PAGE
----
Calming it all down and encouraging the open hearted nature of the practice, raising money for the women in Nepal, we practiced Setu Bandhasana (bridge pose) while some ventured up into Urdhva Dhanurasana (upward bow pose), before lengthening the legs in Supta Padangusthasana (reclining big toe pose), opening the heart to the sky in Ustrasana (camel pose), releasing forehead to the earth and massaging the internal organs in Balasana (child's pose), nourishing the mind and spirit in Viparita Karani (upside down pose), twisting it all out in Jathara Parivartanasana (stomach revolving pose) and releasing in the very un-yoga-like "dead bug pose"!
While some sat in meditation, most lay on their mats relaxing in Savasana,feeling the sun on their faces and enjoying the opportunity to rest in nature, back of body to earth, front of body to the sky, energised and yet nurtured by the sun, what a magical way to begin a Sunday morning!!
Coming out of relaxation, we all sat together in one big circle, palm to palm - the hands being an extension of the heart space - eyes closed, and moving energy from one to the next all around the circle, before releasing hands and creating chi balls with the energy between the palms of our hands - the children/teenagers have been practicing this regularly at the end of our weekly children/teenage class and can now play with their chi balls, moving it from one hand to the next - before placing it to our heart space.
To end of the class, in honour of the women in Nepal who we are supporting, to ourselves and to our teachers for the gift of Yoga, we bowed forward in the pose of humility and chanted "Om" together to unify the energy at the end of the practice.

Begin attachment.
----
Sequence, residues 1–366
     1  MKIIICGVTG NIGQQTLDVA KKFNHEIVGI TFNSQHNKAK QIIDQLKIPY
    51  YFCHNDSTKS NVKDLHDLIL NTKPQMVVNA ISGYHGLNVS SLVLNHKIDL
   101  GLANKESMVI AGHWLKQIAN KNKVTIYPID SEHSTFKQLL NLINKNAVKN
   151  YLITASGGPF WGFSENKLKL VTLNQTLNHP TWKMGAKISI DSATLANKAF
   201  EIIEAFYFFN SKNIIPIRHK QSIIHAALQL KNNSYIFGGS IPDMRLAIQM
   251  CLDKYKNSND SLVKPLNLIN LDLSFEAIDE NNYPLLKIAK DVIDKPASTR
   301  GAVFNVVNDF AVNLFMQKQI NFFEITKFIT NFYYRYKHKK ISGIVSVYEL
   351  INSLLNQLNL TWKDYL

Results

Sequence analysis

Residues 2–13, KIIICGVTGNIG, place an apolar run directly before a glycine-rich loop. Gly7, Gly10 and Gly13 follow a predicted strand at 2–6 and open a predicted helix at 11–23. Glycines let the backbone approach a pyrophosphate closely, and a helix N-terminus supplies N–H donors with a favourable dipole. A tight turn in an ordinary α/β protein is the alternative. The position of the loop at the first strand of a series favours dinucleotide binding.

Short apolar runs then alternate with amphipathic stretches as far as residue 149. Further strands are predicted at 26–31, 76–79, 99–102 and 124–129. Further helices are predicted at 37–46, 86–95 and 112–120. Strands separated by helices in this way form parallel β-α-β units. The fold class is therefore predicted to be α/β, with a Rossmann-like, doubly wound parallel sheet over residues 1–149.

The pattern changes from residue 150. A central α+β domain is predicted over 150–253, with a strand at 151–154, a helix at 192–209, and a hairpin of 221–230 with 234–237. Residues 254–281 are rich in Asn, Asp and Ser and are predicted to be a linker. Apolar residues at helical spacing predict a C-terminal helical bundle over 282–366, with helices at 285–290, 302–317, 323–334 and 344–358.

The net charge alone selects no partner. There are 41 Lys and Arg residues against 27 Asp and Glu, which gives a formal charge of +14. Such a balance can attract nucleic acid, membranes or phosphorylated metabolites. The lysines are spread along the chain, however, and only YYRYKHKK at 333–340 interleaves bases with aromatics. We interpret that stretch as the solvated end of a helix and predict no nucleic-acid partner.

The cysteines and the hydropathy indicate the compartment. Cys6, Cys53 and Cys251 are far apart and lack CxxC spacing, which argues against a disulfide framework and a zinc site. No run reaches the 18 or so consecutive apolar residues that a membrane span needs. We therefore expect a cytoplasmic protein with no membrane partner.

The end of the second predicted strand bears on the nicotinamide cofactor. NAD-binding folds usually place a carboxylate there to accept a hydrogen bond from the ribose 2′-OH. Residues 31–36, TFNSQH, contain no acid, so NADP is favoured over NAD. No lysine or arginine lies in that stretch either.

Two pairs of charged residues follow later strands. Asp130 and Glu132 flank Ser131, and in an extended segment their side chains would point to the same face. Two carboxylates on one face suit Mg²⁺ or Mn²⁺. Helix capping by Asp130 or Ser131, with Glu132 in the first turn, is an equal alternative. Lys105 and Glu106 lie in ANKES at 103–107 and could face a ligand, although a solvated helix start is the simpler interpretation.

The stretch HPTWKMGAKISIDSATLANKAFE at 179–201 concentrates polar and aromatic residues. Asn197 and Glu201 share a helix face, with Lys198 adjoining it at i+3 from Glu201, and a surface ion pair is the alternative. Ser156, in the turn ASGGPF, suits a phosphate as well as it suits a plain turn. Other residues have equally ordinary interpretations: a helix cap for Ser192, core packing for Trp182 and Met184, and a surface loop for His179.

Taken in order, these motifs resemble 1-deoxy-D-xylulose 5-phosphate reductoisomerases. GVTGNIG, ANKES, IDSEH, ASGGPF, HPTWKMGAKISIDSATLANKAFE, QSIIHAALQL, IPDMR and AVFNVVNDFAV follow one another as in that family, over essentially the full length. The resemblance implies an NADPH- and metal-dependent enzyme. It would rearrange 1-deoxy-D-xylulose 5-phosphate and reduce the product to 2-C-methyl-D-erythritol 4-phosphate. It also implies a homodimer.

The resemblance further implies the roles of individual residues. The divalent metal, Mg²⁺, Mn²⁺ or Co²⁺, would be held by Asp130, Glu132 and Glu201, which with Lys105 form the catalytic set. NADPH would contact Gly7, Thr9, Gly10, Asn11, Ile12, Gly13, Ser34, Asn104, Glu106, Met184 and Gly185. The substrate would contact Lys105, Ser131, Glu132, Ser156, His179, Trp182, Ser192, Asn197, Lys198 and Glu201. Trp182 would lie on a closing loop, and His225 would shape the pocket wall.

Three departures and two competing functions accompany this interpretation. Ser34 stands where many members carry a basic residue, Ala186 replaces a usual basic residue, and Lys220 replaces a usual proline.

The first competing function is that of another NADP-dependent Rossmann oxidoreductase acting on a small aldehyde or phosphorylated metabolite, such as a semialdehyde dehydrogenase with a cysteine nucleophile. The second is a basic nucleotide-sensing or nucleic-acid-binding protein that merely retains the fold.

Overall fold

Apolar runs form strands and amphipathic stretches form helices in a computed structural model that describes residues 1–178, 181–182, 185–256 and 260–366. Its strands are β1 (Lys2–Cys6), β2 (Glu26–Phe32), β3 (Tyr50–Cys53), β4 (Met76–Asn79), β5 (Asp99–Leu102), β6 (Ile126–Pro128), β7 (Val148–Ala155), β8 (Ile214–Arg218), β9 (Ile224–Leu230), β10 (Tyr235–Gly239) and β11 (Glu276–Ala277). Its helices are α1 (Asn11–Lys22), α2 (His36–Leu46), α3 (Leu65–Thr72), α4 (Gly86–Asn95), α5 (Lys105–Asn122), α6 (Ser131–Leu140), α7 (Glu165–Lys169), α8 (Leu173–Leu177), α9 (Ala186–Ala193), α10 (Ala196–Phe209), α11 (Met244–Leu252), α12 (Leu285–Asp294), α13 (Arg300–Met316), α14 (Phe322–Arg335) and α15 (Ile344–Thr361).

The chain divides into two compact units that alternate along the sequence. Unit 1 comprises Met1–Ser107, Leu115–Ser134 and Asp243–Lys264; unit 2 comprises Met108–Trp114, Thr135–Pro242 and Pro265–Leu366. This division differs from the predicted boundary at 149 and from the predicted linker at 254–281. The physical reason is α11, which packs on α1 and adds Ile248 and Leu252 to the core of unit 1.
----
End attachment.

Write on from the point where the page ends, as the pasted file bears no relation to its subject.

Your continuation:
Most stayed to enjoy a hearty and wholesome vegetarian brunch lovingly prepared by my Mum and her helpers. In fact there was far too much food - freshly made muesli and a selection of cereals, cow's milk, rice milk and soya milk, organic natural cow's yogurt and soya yogurt, fresh organic and homegrown berries and apricots, as well as fresh pineapple and mango. And then a wide selection of breads and home-made jams and conserves, and homemade carrot and fig and almond cakes washed down with all sorts of teas, coffee and fruit juices. What a feast!!!
Of course the main intention for the class was to raise funds to support the Nepali Yoga Women's Trust, which was established by my friend and fellow Yoga teacher, Devika Gurung, and myself in 2007 in Pokhara, Nepal, to focus on overcoming the social issues women face in Nepal.
The role of Nepali women is mostly confined to their domestic obligations including cooking, cleaning, and taking care of the family. This lifestyle prevents them from maintaining a part-time job, contributing to the household income, and ultimately from living independent of male support.
The Trust provides opportunities for local women to discover and develop ways to improve their socio-economic situation. The women learn holistic therapies such as Yoga and holistic massage, self-healing techniques and handicraft skills. These activities provide them with a step towards inner-transformation and self-confidence.
Over time, the women become self-sufficient and less reliant on others and a regular income offers them economic independence. This allows the women to participate in family decisions and allocate money for personal needs and their children's education. In the future, it is hoped that these women will not only inspire other women to work for their independence, but will be in a position to train new participants in the Trust.
Please see http://www.nepaliyogawomentrust.org/home/ for further information.
I would just like to take this opportunity to say a huge, huge thank you to everyone who supported this year's Yoga "class on the grass" and donated so generously - plus of course a big thank you to my Mum and Dad, and to Nick, Gilli, Ewan and Sheila who gave so much of their time and energy to make the class and brunch such an enjoyable, nourishing and uplifting experience. Om Namah Shivaya.
Love and light.